The Amazing Make-Ahead Baby Food Book— sounds like a book for a “health nut”, right? Well, let me tell you, I do not in any way, shape or form consider myself a “health nut” (no offense to anyone who does make sure everything they eat is organic because I don’t think there is anything wrong with it if you so choose to eat that way, I just don’t), but I found this book/cookbook thoroughly enjoyable and am looking forward to following this plan when my baby is ready to eat pureed foods.
What drew me in about the book was the idea that I could take any fruit, vegetable, and whole grain of my choice and make my own baby food for my newborn. Many times when you go in to a grocery store to pick out baby food, your options are very limited and, to be quite honest, the baby food looks and smells like something I don’t even want to eat- so why should my baby! Don’t get me wrong, I did use store bought baby food for my first child 8 years ago, but I wanted to have more options and flavor for my youngest. While I am not a “health nut”, raising my children to develop a love for different tastes, textures, and flavors is something I am really big on and The Amazing Make-Ahead Baby Food Book by Lisa Barrangou, PhD is a book that lays out a SIMPLE and fairly quick plan for making my own baby food and freezing it that I truly feel that there will be no problem tackling the task.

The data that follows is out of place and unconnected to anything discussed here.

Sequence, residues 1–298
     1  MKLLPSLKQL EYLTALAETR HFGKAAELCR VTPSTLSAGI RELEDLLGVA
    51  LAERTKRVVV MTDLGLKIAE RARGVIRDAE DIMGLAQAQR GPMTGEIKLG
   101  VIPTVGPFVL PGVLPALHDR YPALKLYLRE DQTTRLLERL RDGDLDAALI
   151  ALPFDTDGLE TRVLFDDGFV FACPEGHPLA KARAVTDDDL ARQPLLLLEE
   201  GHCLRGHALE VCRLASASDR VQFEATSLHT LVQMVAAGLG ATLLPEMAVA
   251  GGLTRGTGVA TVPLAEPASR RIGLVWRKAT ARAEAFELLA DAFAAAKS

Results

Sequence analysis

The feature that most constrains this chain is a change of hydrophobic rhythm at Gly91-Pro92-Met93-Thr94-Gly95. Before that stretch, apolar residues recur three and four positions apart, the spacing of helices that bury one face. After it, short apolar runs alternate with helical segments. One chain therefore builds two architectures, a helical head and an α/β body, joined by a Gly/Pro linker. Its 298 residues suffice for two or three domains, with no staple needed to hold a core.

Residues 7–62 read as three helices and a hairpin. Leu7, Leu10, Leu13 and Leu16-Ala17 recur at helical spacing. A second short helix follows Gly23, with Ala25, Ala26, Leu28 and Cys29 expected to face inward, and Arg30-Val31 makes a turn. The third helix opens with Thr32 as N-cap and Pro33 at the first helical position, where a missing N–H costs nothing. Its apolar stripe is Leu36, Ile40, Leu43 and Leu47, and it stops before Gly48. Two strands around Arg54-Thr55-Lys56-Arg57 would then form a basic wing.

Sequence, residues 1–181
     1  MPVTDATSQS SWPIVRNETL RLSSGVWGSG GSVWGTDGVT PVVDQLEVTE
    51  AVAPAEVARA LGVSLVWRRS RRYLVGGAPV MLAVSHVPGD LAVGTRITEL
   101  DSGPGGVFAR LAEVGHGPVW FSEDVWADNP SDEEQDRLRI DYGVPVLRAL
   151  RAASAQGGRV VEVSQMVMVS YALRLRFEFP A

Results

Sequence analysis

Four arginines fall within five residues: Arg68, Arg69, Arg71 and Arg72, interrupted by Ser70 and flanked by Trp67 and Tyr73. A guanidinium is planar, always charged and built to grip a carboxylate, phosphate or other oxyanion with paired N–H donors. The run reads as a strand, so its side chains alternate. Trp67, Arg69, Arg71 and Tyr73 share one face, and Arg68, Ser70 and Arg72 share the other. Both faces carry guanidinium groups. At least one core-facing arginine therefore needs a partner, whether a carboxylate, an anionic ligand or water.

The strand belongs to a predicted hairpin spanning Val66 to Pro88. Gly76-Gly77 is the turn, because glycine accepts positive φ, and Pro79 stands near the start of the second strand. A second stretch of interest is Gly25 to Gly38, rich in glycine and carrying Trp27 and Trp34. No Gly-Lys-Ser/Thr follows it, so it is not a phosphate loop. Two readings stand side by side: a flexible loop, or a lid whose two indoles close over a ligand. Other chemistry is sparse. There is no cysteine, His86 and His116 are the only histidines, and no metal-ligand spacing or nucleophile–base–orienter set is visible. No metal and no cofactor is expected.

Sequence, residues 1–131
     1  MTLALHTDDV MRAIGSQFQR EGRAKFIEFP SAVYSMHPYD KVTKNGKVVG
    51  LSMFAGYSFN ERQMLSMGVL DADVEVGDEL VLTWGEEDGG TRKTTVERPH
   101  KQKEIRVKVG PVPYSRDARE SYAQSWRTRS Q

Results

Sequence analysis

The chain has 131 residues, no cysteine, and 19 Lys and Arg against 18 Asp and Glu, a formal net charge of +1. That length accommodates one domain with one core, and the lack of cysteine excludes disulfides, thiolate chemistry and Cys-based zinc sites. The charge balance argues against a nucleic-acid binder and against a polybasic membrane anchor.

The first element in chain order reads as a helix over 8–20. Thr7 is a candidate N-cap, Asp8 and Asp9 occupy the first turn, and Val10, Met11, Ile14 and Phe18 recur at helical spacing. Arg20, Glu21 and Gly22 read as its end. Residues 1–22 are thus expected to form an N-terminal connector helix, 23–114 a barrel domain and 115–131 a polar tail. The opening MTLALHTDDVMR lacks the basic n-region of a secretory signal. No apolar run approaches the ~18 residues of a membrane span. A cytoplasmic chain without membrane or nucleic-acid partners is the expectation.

On top of giving you recipes to puree the foods and a basic timeline for preparing 3 months worth of baby food in 3 hours, the book gives a fairly comprehensive list and description of MANY different types of fruits, vegetables, and whole grains that you can use to make whatever baby food you want. And if that isn’t enough, there are more complex recipes it gives you for combining different purees to make things like Pecan Pumpkin Pie for your baby, just to keep their taste buds flavorfully happy. And even as they get older there are recipes for solid foods using the leftover purees you might have.
If you’re not much of a chef, no problem. Not only is the instructions for pureeing and the recipes really simple, but the book also gives Cooking 101 tips. Even being a pretty seasoned cook, like myself, I still found tips that were interesting and informative to me, such as what fruits and vegetables not to store together (or to store together) to prevent over ripening and how to make the most use of the crisper drawers in your refrigerator (I always wondered). If you have an infant at home or will have an infant in the future and maybe are playing with the idea of making your own baby food, I highly recommend getting this book. You will learn some new things and, with how easy the author makes it seem, you might be inspired to join me and make your own baby food too.
To check out a preview of this book or order a copy, you can click here.
WaterBrook Multnomah Publishing Group provided this book to me for free in exchange for this honest review as part of their Blogging for Books program.